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The Secrets of Scripps

February 7, 2009

by Rachel Selvin
The Secrets of Scripps

Editor's Note: Rachel is another new Forum Fellow. A transfer from Scripps, she now presents to you the secrets of her campus.

A campus encircled by classic California architecture and hemmed in verdant gardens, Scripps College's sumptuous appearance entices visitors and students alike. Burgeoning with ripe grapefruits and oranges for the picking, a brand new field house and dorms that provide students with "fully-stocked kitchens" (although some dispute the validity of this claim, most at least have a fridge and an oven), Scripps seems to bustle with hidden perks.  Arguably the most attractive of the 5C's, the college rises from its well-watered grounds as a melodic garden of white stucco, latticed windows, and green doors—Scripps Green doors. Yet, like every college campus, like every establishment frequented by the clever and the curious, it too guards its own unique set of secrets. From charming initiation ceremonies to quiet nooks and secret flower beds, Scripps coaxes adventurous students to leave the safety and comfort of their dorms to pursue the luxuries that set apart the 5C's only women's college.

Perhaps the most decadent of the school's services, Scripps Tea—hosted every Wednesday from 4:00-4:30 in Seal Court—treats students from all 5 colleges to a delicious snack, a study break, an a little culture. Cakes, cookies, tarts, scones, veggie trays and hot beverages make this event a weekly favorite for many. Yet Tea is often more than a simple excuse to work on the Freshman 15; most are sponsored by an on-campus organization, using the gathering's popularity to ignite interest in a plethora of clubs or activities. A personal favorite from 2008 was the Mariachi band's serenade of Tea goers as onlookers enjoyed hot chocolate and delectable pastries.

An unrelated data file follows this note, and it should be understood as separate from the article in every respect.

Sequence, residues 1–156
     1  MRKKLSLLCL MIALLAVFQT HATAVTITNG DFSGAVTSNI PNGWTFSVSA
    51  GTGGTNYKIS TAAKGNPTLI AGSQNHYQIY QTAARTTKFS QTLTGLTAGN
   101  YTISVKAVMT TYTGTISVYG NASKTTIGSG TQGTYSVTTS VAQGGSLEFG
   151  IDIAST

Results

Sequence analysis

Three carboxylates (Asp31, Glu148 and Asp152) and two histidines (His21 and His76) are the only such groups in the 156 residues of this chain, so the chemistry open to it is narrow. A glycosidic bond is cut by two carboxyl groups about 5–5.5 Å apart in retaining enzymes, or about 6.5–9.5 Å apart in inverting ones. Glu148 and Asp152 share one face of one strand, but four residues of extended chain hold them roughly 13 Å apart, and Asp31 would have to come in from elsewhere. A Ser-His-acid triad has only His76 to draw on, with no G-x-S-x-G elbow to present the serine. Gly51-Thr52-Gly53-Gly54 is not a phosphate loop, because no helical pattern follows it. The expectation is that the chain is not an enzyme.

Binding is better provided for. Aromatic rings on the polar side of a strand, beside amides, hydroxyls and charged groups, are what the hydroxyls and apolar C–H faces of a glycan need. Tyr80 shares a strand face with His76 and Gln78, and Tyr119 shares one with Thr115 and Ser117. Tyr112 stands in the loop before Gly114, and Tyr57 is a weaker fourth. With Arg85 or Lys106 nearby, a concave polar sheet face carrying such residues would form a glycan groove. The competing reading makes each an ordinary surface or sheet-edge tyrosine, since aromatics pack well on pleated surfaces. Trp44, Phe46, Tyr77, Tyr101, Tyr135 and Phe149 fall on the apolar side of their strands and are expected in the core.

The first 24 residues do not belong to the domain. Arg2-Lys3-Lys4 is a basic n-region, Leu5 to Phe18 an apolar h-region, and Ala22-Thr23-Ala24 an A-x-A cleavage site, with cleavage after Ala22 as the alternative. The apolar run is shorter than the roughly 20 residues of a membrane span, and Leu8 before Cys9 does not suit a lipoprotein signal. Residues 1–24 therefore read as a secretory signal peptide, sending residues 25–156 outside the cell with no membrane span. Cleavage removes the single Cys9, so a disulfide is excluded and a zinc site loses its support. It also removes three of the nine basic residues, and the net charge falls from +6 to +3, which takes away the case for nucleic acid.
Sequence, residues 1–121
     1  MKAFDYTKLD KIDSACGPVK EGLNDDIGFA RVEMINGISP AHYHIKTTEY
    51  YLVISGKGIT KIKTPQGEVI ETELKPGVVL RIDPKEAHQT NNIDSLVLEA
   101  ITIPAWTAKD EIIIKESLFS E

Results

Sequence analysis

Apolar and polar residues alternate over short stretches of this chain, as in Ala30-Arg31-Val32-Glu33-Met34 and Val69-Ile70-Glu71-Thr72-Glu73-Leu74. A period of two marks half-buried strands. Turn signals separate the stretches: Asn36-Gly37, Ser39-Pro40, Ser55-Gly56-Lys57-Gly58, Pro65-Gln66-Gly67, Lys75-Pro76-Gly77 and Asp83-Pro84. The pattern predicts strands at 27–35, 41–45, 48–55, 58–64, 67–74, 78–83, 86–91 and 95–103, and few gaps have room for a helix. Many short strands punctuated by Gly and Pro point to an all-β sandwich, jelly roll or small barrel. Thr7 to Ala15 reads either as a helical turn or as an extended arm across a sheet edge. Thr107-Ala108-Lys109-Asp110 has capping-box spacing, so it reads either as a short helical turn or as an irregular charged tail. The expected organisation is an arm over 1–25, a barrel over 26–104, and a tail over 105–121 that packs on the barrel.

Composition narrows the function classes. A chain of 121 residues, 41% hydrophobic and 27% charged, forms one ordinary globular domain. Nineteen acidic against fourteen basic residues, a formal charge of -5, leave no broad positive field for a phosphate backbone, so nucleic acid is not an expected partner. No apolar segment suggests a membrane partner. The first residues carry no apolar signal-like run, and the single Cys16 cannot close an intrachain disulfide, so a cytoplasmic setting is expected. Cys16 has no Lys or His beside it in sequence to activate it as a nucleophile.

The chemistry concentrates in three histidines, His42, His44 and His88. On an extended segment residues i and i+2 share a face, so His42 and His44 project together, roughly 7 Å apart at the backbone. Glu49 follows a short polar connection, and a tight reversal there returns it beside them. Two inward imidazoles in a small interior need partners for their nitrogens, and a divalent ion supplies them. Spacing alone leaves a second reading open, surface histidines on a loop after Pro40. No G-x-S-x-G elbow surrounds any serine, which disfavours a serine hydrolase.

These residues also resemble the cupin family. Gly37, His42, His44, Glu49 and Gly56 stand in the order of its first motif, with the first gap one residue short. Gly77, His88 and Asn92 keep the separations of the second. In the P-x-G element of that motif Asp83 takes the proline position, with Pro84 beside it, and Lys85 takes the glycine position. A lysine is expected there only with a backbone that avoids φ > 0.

Of course, if one drops by Seal Court for Tea or simply a frolic in its resplendent beauty, the Motley is a must-see. An all student run business, the Motley keeps Scrippsies and most 5C-ers going with its unyielding and generous supply of caffeine. The vegan cookies are an especial favorite, catering to all food-lovers, regardless of their dietary restrictions. As an all-woman run operation, the Motley exemplifies Scripps' intrinsic promise to social consciousness, as it sells products produced by environmentally friendly companies and hosts meetings, forums and discussion boards that aim to raise campus-wide awareness for the issues that face the college.  Besides its obvious importance as the campus's coffee haven, the Motley also serves as a preferred study-spot and a place for students and professors to mix and mingle. Many find its relaxing music, comfy velvet couches and friendly staff—an ideal compromise between the distractions of the dorm room and the eerie silence of the library—as the cure for procrastination.          


Yet the college is not simply a culinary paradise for sleep-deprived and bedraggled students; Scripps plays host to a number of cloistered gardens and subtle luxuries that set it apart from the other campuses. Every dorm is outfitted with a private Browsing Room where students can escape the raucous of dorm life for a quiet, secluded study session. Likewise, common rooms are graced by pianos for students' enjoyment—playing used to be required by the school—a stipulation that has since been repealed, although many still take advantage of the instruments' availability. Denison library remains a little-known resource of the college, providing the secluded peace of a library with stain-glass windows, chandeliers and secret study rooms on its ground floors. It also plays host the school's Rare Books Collection--an enviable asset that contains first editions and original letters, although only available by appointment. The landmark also plays host to a small patio canopied by blossoming vines, yet it is hardly Scripps' only hidden garden; Apparently Browning conceals one that some Scripps students admit they've never found.  Malott too has a "secret garden" pointing towards Honnold-Mudd library where students can bask in mild weather while enjoying a meal—just remember to return your cutlery to the tray drop-off!

Apart from the obvious beauty of the Margret Fowler rose garden (and the various other sequestered plots), Scripps maintains endearing traditions that build community and break up the melancholy hours of studying. Perhaps the most charming, Candlelight Dinners are special occasions for students to share an elegant meal while marking a holiday—Halloween is particularly popular.

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